On regulation creep, Clary Akon, who launched the Wowser Nation art collective in 2016, says that “the gradual creep of governance over the last two decades has allowed the cultural shift to slip by unnoticed.”
It doesn’t take much scanning Twitter to find tonnes of submissive comments from people almost celebrating lockdowns as if taking some great sense of pride in their ability to stay at home.
But, can we blame them?
COVID-19 has turned out to be the media’s wet dream. It’s the best gift outside of a world war that you could give to a media outlet hungry for ad revenue in an incredibly competitive industry with almost non-existent barriers to entry.
The way most media outlets make their money today is through eyeballs and clicks. But here’s the thing about that — an article with 100,000 views can generate anywhere between $500 and $5,000 in ad revenue.
But most articles won’t generate anywhere near that many eyeballs. Most will generate crickets.
As a result, media outlets face downwards pressure on budgets. They simply lack the budget or the time to pay investigative journalists thousands of dollars to spend days doing real journalism.
Why would you, when it is so much cheaper and easier to hit traffic targets by appealing to two human emotions — fear and anger? Goodhart’s Law strikes again.
Why spend days investigating for a piece that may or may not get traction, when you can put out another scare or outrage piece, based on repurposing what has been said on other media outlets, in under an hour flat?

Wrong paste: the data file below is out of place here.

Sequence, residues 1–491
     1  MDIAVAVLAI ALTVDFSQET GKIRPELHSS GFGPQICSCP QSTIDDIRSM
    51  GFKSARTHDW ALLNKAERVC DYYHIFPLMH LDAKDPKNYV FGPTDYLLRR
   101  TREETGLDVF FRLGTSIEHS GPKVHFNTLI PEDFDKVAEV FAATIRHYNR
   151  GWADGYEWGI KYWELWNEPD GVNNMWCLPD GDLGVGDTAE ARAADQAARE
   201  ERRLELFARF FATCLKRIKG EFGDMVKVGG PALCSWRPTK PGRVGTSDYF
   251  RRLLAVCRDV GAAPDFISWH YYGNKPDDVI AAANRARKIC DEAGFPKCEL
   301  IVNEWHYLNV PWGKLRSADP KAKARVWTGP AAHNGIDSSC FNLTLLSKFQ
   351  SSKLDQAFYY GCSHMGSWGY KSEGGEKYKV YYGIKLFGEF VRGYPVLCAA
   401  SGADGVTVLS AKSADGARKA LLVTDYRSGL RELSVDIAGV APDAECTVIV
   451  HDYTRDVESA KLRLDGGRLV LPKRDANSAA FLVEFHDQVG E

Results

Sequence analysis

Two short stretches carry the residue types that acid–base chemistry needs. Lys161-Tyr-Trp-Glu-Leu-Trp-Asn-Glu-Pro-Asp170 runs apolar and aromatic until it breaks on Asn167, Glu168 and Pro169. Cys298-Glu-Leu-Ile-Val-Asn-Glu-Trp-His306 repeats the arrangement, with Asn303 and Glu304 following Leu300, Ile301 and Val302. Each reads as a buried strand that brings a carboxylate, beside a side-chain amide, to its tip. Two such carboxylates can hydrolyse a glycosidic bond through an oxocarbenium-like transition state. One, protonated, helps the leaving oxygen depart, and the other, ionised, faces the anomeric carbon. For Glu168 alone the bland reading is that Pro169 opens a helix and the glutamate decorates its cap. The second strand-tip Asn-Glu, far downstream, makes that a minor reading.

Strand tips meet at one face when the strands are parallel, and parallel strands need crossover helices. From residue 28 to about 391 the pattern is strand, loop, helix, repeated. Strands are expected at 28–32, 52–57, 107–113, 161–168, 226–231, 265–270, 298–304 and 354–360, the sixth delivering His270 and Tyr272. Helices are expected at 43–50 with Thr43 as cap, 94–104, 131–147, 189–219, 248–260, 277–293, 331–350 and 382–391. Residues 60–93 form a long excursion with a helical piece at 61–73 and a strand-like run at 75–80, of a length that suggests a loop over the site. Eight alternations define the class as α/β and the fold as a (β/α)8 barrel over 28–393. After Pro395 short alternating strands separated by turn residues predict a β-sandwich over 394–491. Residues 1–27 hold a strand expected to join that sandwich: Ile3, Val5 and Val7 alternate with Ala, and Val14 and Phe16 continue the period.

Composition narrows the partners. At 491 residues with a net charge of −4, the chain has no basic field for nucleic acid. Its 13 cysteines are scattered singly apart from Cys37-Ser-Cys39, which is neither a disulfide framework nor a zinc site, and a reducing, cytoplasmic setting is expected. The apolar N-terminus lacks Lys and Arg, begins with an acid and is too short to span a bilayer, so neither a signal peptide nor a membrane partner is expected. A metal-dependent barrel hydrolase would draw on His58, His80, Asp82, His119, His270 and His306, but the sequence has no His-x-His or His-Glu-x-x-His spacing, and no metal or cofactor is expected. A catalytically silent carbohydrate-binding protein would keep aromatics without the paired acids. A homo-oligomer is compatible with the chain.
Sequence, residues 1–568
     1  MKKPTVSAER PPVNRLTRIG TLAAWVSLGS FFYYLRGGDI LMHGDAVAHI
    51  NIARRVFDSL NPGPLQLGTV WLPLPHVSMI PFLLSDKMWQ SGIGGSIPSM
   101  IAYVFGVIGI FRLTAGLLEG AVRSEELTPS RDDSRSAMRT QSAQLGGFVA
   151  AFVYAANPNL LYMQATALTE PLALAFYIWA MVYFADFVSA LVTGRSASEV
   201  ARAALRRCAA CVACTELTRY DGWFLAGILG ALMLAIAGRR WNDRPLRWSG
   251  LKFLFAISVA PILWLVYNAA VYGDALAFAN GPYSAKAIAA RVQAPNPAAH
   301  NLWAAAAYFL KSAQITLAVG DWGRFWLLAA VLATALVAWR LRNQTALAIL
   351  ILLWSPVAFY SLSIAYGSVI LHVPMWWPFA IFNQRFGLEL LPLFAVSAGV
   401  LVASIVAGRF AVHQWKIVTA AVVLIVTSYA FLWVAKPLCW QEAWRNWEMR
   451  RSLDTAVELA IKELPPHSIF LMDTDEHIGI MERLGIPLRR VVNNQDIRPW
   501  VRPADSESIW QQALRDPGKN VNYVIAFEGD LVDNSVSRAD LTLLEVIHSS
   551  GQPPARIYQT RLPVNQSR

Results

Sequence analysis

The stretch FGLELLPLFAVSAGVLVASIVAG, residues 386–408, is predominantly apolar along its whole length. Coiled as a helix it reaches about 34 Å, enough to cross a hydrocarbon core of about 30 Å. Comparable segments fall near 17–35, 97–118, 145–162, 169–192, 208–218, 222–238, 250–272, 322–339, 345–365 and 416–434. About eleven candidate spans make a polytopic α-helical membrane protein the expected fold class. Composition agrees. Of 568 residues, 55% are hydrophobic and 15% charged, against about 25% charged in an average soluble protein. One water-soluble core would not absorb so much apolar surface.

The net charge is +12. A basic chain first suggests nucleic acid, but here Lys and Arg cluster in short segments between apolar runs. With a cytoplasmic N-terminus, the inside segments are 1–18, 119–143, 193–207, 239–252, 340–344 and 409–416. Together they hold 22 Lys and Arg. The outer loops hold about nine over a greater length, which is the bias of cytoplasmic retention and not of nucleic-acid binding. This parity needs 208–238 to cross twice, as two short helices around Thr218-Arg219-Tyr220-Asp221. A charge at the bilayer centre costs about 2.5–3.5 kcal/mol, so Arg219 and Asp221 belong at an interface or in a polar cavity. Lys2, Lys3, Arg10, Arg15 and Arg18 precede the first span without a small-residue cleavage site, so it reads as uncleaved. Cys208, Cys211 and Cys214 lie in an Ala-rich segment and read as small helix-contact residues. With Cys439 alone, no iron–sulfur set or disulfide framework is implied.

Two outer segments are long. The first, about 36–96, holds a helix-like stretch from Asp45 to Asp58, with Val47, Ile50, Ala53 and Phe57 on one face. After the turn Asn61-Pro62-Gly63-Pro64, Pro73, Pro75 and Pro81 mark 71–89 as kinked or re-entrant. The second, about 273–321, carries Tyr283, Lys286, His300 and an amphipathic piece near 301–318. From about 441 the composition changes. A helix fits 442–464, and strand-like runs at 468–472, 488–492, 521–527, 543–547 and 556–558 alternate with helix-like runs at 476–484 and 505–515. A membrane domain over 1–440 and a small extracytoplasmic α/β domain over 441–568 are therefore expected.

Heck, I too wrote this piece anticipating that it would perform better than my usual articles which typically focus on productivity in the workplace.
Since the outbreak, the media has taken advantage of these two human emotions to a tee, and have ultimately left Australia’s politicians between a rock and a hard place.
Whatever your opinion of Victoria’s left-leaning premier Daniel Andrews, or of New South Wales’ conservative premier Gladys Berejiklian, they’re damned if they do lockdown, and damned if they don’t.
Having normalized case numbers as low as a crisis worthy of lockdown, these premiers don’t have much room to move.
If they don’t lockdown and numbers increase, the left-leaning media, the opposition party, and the increasingly militant liberal public will cry bloody murder.
If they do lockdown, then right-leaning media, the opposition party, business councils, and the increasingly militant right-leaning public will cry bloody murder.